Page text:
We therefore conclude that the court did not abuse its discretion in holding that the EEOC acted unreasonably in initiating this litigation. See Christiansburg, 434 U.S. at 421; Great Steaks, 667 F.3d at 517. In view of our conclusion, we need not address the district court's alternative holding that the EEOC's continued pursuit of the litigation was unreasonable in light of the developing record in the case. Finally, because the EEOC does not argue on appeal that the district court erred in determining the amount of attorneys' fees to which Propak is entitled, we decline to address the district court's well-reasoned fee calculation.


For these reasons, we affirm the district court's judgment.


I concur in full in Judge Keenan's fine opinion. I write separately to address an unfortunate implication in the appellant's brief: that federal agencies, and the Equal Employment Opportunity Commission (“EEOC” or “Commission”) in particular, should be treated differently from private parties with regard to attorneys' fees determinations.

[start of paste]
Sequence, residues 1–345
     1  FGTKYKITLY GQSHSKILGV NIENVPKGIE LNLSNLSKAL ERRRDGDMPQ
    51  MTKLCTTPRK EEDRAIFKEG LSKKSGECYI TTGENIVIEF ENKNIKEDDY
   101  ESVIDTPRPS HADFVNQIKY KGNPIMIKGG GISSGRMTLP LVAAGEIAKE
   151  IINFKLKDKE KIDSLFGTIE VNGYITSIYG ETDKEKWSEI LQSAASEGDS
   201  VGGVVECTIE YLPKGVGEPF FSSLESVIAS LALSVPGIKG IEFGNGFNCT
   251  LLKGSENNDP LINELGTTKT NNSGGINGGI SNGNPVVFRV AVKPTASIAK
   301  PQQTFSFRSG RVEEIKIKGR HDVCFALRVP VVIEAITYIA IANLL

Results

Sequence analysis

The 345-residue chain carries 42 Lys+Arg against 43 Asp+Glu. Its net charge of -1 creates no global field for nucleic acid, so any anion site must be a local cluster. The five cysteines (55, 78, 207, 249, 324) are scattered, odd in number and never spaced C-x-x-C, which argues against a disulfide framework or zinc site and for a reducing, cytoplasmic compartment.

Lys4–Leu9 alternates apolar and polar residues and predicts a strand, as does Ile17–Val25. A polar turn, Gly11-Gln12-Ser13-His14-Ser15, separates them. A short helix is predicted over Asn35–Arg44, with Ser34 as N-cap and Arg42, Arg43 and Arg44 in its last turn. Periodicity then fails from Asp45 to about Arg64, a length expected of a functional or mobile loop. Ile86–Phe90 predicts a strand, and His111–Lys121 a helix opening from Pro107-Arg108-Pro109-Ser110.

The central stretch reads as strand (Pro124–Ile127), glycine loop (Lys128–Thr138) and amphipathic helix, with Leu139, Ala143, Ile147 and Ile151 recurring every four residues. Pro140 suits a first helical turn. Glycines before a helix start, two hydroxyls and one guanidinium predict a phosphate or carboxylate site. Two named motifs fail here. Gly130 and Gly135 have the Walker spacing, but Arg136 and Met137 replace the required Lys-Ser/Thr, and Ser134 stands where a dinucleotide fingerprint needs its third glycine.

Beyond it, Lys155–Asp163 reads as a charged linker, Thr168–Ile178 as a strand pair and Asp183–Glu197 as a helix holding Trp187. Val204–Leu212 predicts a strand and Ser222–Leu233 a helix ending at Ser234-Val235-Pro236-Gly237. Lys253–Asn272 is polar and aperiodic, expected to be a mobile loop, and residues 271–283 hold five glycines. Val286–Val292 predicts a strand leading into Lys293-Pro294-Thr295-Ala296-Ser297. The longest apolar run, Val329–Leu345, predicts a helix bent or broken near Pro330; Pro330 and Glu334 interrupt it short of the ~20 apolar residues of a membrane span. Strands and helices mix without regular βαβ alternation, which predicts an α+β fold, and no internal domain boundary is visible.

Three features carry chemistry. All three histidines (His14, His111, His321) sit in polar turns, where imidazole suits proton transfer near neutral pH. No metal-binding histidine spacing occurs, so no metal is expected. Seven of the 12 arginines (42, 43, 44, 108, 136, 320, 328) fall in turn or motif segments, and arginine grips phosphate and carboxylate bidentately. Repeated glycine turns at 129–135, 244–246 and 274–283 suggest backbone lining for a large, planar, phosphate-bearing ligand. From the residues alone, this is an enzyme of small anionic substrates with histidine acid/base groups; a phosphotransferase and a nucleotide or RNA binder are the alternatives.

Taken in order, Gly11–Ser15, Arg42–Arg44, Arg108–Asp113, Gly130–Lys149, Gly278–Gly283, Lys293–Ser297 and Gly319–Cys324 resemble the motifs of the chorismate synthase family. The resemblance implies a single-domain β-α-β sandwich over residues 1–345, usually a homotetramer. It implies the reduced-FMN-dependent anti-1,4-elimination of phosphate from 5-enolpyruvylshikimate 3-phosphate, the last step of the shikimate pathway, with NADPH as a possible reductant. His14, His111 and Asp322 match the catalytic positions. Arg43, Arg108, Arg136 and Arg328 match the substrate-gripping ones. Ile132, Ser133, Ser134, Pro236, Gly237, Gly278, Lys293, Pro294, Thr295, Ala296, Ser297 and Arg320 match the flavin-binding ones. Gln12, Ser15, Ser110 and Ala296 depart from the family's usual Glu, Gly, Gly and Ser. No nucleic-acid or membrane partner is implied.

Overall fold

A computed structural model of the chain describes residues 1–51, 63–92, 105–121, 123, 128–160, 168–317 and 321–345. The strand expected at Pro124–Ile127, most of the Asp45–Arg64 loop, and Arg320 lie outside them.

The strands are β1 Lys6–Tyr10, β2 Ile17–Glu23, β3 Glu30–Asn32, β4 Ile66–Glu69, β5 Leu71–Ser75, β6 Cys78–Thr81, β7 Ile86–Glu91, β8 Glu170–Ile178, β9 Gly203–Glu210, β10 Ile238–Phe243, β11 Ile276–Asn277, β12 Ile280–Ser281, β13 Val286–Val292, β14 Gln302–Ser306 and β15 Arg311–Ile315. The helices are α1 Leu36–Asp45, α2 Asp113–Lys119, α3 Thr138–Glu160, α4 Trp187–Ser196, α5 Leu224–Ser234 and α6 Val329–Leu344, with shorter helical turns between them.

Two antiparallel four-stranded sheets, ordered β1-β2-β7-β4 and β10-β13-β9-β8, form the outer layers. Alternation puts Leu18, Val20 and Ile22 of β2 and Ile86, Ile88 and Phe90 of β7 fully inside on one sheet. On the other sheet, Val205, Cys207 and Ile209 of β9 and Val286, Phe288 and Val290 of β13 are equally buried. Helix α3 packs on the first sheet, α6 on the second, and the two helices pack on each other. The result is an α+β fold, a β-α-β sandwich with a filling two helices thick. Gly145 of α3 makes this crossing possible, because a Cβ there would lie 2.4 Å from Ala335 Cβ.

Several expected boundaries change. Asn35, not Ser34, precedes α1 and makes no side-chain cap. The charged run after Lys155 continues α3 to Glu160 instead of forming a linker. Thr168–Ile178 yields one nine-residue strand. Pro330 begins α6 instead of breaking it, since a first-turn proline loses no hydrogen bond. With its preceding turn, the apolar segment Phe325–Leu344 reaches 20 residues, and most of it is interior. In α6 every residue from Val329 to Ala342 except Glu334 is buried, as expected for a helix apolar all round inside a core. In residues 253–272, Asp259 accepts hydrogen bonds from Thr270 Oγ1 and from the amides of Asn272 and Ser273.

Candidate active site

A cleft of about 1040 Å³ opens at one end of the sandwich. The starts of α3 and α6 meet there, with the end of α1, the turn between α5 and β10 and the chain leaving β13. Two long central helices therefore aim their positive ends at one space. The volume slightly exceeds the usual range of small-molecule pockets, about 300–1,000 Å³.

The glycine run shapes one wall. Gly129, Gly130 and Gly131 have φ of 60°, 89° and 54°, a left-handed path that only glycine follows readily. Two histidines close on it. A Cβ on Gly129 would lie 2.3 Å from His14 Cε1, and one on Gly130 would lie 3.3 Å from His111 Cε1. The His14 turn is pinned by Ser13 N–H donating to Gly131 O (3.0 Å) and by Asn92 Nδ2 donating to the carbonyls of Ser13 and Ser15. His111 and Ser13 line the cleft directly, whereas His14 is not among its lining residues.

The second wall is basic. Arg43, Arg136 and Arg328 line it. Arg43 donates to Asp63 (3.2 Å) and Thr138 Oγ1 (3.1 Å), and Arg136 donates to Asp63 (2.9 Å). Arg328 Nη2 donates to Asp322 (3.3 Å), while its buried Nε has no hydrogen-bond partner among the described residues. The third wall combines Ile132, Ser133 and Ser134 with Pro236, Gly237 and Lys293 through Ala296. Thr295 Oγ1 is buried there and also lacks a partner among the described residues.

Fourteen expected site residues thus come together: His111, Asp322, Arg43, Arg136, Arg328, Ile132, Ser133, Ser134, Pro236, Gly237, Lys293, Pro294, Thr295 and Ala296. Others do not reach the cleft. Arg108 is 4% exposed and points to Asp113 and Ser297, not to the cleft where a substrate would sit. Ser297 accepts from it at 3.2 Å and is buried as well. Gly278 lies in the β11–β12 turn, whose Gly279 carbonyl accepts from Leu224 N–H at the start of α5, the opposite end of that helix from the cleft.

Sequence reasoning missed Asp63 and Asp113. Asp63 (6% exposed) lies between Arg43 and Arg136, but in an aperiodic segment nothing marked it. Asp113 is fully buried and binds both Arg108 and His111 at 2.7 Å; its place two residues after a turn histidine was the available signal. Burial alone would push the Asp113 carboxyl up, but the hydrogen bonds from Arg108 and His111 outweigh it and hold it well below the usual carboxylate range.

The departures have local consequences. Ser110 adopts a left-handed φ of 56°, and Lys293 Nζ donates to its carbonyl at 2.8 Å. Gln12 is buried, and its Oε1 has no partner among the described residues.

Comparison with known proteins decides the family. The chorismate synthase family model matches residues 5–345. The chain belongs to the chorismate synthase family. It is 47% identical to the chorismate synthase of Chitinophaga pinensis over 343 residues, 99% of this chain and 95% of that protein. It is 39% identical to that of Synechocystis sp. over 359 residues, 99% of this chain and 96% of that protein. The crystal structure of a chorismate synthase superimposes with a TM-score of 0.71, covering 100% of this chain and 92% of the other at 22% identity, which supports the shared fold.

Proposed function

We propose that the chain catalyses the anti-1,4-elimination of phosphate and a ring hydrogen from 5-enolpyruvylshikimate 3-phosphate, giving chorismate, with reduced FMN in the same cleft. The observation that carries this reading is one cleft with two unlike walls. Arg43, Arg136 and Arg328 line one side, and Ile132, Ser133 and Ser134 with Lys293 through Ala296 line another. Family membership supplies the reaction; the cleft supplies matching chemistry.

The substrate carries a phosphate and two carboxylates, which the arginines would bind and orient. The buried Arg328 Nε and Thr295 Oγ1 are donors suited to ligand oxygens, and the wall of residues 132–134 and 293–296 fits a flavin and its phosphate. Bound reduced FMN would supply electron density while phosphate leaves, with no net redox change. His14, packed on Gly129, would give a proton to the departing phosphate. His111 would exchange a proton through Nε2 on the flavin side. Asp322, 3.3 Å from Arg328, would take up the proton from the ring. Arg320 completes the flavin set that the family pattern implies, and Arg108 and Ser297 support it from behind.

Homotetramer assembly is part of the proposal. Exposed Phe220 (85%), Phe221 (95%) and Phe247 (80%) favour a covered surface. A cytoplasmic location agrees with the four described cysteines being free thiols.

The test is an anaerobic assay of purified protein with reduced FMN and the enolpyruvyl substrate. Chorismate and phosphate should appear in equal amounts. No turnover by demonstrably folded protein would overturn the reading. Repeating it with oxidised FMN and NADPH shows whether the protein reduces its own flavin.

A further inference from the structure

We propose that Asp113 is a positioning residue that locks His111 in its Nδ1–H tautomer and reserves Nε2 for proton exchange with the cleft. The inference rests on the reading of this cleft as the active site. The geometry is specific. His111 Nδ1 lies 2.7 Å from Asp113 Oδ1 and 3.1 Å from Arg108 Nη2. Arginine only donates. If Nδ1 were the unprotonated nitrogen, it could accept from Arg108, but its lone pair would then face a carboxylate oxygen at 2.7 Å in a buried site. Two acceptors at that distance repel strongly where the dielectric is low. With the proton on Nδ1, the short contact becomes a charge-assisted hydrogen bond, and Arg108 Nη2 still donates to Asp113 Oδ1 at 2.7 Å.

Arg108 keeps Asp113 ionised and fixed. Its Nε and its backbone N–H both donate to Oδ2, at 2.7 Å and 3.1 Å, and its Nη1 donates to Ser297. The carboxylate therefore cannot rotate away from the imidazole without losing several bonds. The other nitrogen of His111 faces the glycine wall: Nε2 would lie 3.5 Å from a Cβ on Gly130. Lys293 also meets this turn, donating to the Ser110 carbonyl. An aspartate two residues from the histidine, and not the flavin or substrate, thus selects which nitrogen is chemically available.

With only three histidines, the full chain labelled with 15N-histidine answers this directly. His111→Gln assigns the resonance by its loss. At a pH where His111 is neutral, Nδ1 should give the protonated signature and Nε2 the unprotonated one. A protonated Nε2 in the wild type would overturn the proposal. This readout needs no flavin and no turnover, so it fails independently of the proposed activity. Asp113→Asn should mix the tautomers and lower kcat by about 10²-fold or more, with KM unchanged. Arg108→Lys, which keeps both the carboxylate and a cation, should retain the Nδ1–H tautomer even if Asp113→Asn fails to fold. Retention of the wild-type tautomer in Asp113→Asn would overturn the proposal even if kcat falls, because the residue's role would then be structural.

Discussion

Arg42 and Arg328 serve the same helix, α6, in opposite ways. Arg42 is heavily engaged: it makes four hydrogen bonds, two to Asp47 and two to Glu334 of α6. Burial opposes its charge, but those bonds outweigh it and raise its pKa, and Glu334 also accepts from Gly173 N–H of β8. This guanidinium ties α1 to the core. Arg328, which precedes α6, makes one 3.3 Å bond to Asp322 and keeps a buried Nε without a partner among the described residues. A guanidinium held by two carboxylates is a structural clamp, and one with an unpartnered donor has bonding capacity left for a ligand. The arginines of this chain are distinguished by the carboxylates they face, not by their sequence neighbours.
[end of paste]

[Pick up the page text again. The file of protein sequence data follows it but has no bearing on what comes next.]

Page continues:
* * * *

The district court noted in its order “that the EEOC acted unreasonably by initiating litigation against Propak after [a more-than-five-year] investigation and at a time when the allegedly noncompliant facilities had been closed and the class of individuals purportedly injured had not existed for five years.” J.A. at 564. Nevertheless, the EEOC suggests that it should be given special leeway for the astonishing delays that rendered initiation of this suit so problematic. For example, it offers as a partial explanation for its delay the fact that “evidence provided by Propak was waiting to be reviewed and analyzed by the EEOC's over-burdened staff.” Appellant's Br. at 52; see also id. at 53 (justifying a lack of activity by noting the Commission's “review of voluminous documents and analysis of complex statistical data”). The EEOC also seems to suggest that because we have shown deference to its performance of its administrative functions in other circumstances, the district court should not have “second guess[ed]” the Commission's pursuit of this suit and awarded attorneys' fees. Id. at 55–56. Together, these statements appear to argue that agencies should be graded on a curve, due to the burdens placed upon them by statute, regulation, their own internal review processes, and their need to assure the optimal deployment of finite resources.